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As Twitter moves towards open-sourcing its algorithmic code base, which Elon Musk has committed to releasing this week, the company’s also working to contain a leak of the app’s overall source code, which was published on GitHub some time back.

As reported earlier this week, upon discovery of the source code leak, Twitter immediately called on GitHub to remove the proprietary info, while also seeking to uncover the person responsible for publishing it. And now, Twitter’s moved a step closer in this regard, with a Californian court granting its request to force GitHub to release information on the original poster.

As per Bloomberg:

GitHub must provide personal identifying information associated with the account FreeSpeechEnthusiast by April 3, according to the order signed by a court clerk on Tuesday. Github didn’t immediately respond to a request for comment.”

The leaker, believed to be a disgruntled former employee, could face significant legal ramifications for the leak, with the source code info opening Twitter up to significant risk from hackers and competitors who may be looking to replicate its functions.

If they can figure out who it is. You would assume that anyone leaking such info to GitHub would have a pretty good working knowledge of how the system functions, and they’ve likely hidden their digital footprints pretty well as a result. But still, Twitter will be pushing to unmask the culprit, as it moves into damage control to mitigate risks associated with the info leak.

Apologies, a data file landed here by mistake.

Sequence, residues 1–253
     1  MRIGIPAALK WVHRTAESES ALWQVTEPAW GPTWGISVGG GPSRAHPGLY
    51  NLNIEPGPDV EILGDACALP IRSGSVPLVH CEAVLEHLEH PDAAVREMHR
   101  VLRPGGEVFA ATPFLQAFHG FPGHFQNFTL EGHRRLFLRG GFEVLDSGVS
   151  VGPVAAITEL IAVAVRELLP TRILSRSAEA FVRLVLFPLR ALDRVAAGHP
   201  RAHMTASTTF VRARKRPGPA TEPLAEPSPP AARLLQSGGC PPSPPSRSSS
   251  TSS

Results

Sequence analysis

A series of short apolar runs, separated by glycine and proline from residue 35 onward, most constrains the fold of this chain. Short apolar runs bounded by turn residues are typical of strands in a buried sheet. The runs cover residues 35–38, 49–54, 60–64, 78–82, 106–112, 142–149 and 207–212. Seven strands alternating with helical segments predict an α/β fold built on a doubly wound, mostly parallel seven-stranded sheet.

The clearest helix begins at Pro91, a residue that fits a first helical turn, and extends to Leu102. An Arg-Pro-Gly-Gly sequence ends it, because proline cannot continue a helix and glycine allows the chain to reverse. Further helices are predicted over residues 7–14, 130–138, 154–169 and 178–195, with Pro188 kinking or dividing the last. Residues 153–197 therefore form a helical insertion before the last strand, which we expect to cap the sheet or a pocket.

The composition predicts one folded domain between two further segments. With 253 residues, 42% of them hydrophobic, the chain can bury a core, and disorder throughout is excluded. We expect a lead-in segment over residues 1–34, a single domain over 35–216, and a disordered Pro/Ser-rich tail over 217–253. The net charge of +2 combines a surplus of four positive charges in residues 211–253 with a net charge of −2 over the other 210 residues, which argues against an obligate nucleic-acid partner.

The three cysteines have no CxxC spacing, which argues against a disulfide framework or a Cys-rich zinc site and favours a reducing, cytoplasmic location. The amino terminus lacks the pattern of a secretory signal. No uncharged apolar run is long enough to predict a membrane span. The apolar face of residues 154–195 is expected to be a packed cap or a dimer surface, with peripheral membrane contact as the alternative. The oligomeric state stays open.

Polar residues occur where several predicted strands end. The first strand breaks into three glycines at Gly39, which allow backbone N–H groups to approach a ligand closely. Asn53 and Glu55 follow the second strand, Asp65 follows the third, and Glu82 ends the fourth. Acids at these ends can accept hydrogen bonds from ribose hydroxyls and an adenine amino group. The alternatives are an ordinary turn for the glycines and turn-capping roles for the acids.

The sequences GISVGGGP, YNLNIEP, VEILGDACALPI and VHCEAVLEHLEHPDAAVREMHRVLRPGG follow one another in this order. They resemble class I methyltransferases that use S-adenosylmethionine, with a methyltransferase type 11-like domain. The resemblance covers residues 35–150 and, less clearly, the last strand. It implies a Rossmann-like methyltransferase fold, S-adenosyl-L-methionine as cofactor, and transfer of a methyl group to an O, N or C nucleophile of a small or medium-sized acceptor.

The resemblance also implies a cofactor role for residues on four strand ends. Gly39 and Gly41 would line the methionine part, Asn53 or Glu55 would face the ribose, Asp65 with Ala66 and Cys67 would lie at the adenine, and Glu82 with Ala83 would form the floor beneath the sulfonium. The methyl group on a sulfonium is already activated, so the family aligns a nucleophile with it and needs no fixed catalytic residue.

At the same time, as noted, Twitter’s still scheduled to release its algorithmic source code sometime this week.

Musk also noted that Twitter’s content algorithm is ‘overly complex & not fully understood internally’, with this release, ideally, helping the Twitter team to simplify and improve its systems, in order to better align with user expectations and desires.

Whether that works out or not remains to be seen. The risk with releasing algorithmic sorting info is that it also opens up the platform to manipulation by spammers and scammers, who’ll now have a roadmap to potential vulnerabilities in the system.

Add the leak of the overall source code to this, and Twitter could well be at high risk of manipulation, higher than ever before.

Though that’s speculative, as we don’t know who’s accessed the source code info, or what exactly Musk and Co. will share in this algorithmic overview.

Like, will the overview include details on Twitter’s VIP list of accounts that get extra amplification in the app? That seems like the Twitter 2.0 team meddling with trends, which is something that Musk has heavily criticized past Twitter management for.

Seems unlikely that this will be mentioned – so will it really be a full overview, or an edited, condensed version?

We’ll likely find out soon, with Twitter’s algorithmic code set to be released shortly.